There are a couple separate ways to interpret the word “cheap hearing aids”. For somebody on a tight budget, it means “affordability”. On the other hand, it implies low-quality, turning a seemingly economical purchase into a not-so-smart decision, epitomized by the saying “You get what you pay for”.
Unfortunately, determining whether you’re getting a great deal from whether you’re buying a really low-quality device can be challenging. With regard to hearing aids, this couldn’t be more relevant.
With hearing aids, the saying “you get what you pay for” is especially valid. This doesn’t always imply going for the top-tier option, but instead, scrutinizing offerings that boast a price tag too tempting to be authentic. Customers need to recognize that important information is often excluded from the marketing campaigns of cheap hearing aids.
Cheaper hearing aids are basically only amplifiers
Boosting the overall volume is typically the only thing cheap “hearing aids” can handle. When you simply amplify everything, the sounds you want to hear better are amplified but so are undesirable background noise you don’t want.
The purpose of having a hearing aid is entirely defeated if it also amplifies undesirable sound.
A contemporary state-of-the-art hearing aid, in contrast, does a lot more than simply turn up the volume. It reduces background sound while skillfully managing sound and improving clarity. Real hearing aids simulate natural hearing with great accuracy and are custom tuned to your specific hearing needs.
Hearing aids vs. PSAPs
There are strict rules about what an advertiser can call a hearing aid as written by the Food and Drug Administration.
Unfortunately, many personal sound amplification products PSAPs are inaccurately advertised as hearing aids even though they only amplify sound.
Most reputable companies follow the rules. But you may find some uninformed salespeople or products on Amazon or eBay that mislead consumers into believing that these devices meet the classification of a hearing aid. Some even inaccurately advertise that they are FDA-approved.
For most types of hearing loss they won’t be helpful at all
The slow loss of hearing usually involves difficulty with certain frequencies instead of a sudden complete loss. You may have a difficult time understanding a small child or a woman, for instance, but you have no issue understanding a man with a low voice.
A cheap hearing device usually results in total volume amplification. But simply cranking up the overall volume will not be sufficient for individuals who have a tough time hearing particular frequencies. And turning up the overall volume could result in added damage to your hearing because the frequencies you don’t have trouble with will be booming in your ears.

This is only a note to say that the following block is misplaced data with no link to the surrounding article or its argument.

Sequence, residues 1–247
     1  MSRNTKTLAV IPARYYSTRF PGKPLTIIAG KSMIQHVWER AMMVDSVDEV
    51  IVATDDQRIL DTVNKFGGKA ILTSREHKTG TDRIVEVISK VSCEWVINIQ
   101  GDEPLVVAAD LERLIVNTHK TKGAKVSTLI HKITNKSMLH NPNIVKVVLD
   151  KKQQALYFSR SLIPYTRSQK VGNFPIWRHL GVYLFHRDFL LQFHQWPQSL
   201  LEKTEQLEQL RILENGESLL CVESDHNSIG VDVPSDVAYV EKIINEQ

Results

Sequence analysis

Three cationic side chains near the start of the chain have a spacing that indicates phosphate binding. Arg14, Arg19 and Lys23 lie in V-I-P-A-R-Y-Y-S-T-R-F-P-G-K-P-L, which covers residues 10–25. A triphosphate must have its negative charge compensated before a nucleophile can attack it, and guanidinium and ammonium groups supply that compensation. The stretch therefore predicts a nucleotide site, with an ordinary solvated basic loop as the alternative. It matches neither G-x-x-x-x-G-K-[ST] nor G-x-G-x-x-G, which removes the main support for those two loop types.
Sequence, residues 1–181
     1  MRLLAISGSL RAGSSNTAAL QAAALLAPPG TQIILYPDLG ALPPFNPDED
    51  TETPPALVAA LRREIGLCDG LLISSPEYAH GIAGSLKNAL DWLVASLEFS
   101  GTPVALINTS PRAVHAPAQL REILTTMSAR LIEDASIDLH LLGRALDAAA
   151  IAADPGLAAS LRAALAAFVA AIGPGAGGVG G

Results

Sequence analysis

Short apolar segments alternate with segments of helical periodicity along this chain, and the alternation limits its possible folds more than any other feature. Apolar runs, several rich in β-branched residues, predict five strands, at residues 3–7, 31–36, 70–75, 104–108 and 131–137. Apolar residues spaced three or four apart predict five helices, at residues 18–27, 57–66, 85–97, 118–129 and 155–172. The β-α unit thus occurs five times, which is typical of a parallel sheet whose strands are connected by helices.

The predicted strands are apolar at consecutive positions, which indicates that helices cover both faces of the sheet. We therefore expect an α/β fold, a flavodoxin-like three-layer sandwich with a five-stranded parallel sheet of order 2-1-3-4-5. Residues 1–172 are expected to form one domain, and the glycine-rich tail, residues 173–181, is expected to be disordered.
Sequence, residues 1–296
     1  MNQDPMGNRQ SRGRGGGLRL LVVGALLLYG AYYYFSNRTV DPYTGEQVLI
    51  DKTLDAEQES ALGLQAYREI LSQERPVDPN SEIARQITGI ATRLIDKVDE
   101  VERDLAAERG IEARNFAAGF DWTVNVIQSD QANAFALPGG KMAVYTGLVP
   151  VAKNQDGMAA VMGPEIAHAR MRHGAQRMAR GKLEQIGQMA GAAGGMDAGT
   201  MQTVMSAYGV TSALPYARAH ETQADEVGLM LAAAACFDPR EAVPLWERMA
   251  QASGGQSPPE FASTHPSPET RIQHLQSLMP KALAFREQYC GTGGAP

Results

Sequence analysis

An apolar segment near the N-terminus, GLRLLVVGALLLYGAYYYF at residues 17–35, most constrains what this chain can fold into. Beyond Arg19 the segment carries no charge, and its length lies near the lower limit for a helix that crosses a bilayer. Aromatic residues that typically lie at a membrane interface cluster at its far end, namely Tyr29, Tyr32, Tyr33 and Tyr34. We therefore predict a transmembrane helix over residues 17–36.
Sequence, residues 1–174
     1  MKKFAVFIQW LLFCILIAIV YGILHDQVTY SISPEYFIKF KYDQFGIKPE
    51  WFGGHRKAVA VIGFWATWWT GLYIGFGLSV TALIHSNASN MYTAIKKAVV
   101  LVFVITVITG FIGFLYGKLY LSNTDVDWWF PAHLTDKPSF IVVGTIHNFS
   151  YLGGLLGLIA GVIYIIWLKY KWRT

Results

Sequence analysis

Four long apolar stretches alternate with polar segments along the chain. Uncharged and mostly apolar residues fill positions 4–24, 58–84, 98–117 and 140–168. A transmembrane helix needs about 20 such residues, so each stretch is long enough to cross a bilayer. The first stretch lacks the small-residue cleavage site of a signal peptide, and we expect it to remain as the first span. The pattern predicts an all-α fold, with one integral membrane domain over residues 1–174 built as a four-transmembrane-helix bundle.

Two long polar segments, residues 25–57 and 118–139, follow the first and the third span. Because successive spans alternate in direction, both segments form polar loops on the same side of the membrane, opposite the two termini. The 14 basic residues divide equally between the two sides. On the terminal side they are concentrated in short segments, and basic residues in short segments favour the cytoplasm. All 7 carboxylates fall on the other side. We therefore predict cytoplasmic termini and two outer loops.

High-quality hearing aids provide a solution by being programmable to make up for the loss of particular frequencies. They offer a more personalized hearing experience by shifting frequencies you can’t hear very well to frequencies you hear better.
Feedback can be an issue
Cheap hearing aids are generally not custom fit to your ears. Without that custom fit, you’ll create a feedback loop. The microphone picks up the sound from the speaker in your ear as it jiggles around. This will result in a deafening screech.
They normally won’t help you on your cellphone
Functionality is often sacrificed when opting for budget options, and this is true for many inexpensive hearing aids lacking Bluetooth connectivity. The lack of Bluetooth becomes crucial when considering phone connectivity. With cheaper hearing devices, when you try to amplify phone calls, your device will amplify every little sound, like your ears or lips brushing on the phone, or clothing and hair.
In comparison, digital hearing aids utilize telecoil or Bluetooth technology, creating a wireless connection between your hearing aid and the phone. Overall communication and clarity will be improved so you can be sure you will hear your daughter’s voice on the phone.
They were never meant to treat hearing loss
Most individuals would most likely be surprised by this. These amplifiers were never intended to treat hearing loss. They were designed to help individuals who have fairly good hearing hear things a bit louder.
Cheap devices might help a little if you only have slight hearing loss. But they won’t be of much help for individuals who actually need hearing aids.
Finding quality, affordable hearing aids
Getting affordable quality hearing aids isn’t difficult. They might even be covered by insurance or other third parties. There are also affordable brands, leasing plans, and financing possibilities. If you think you have hearing loss, begin by getting checked out. Make an appointment with us so we can help you find the best and most affordable hearing aids for your degree and type of hearing loss.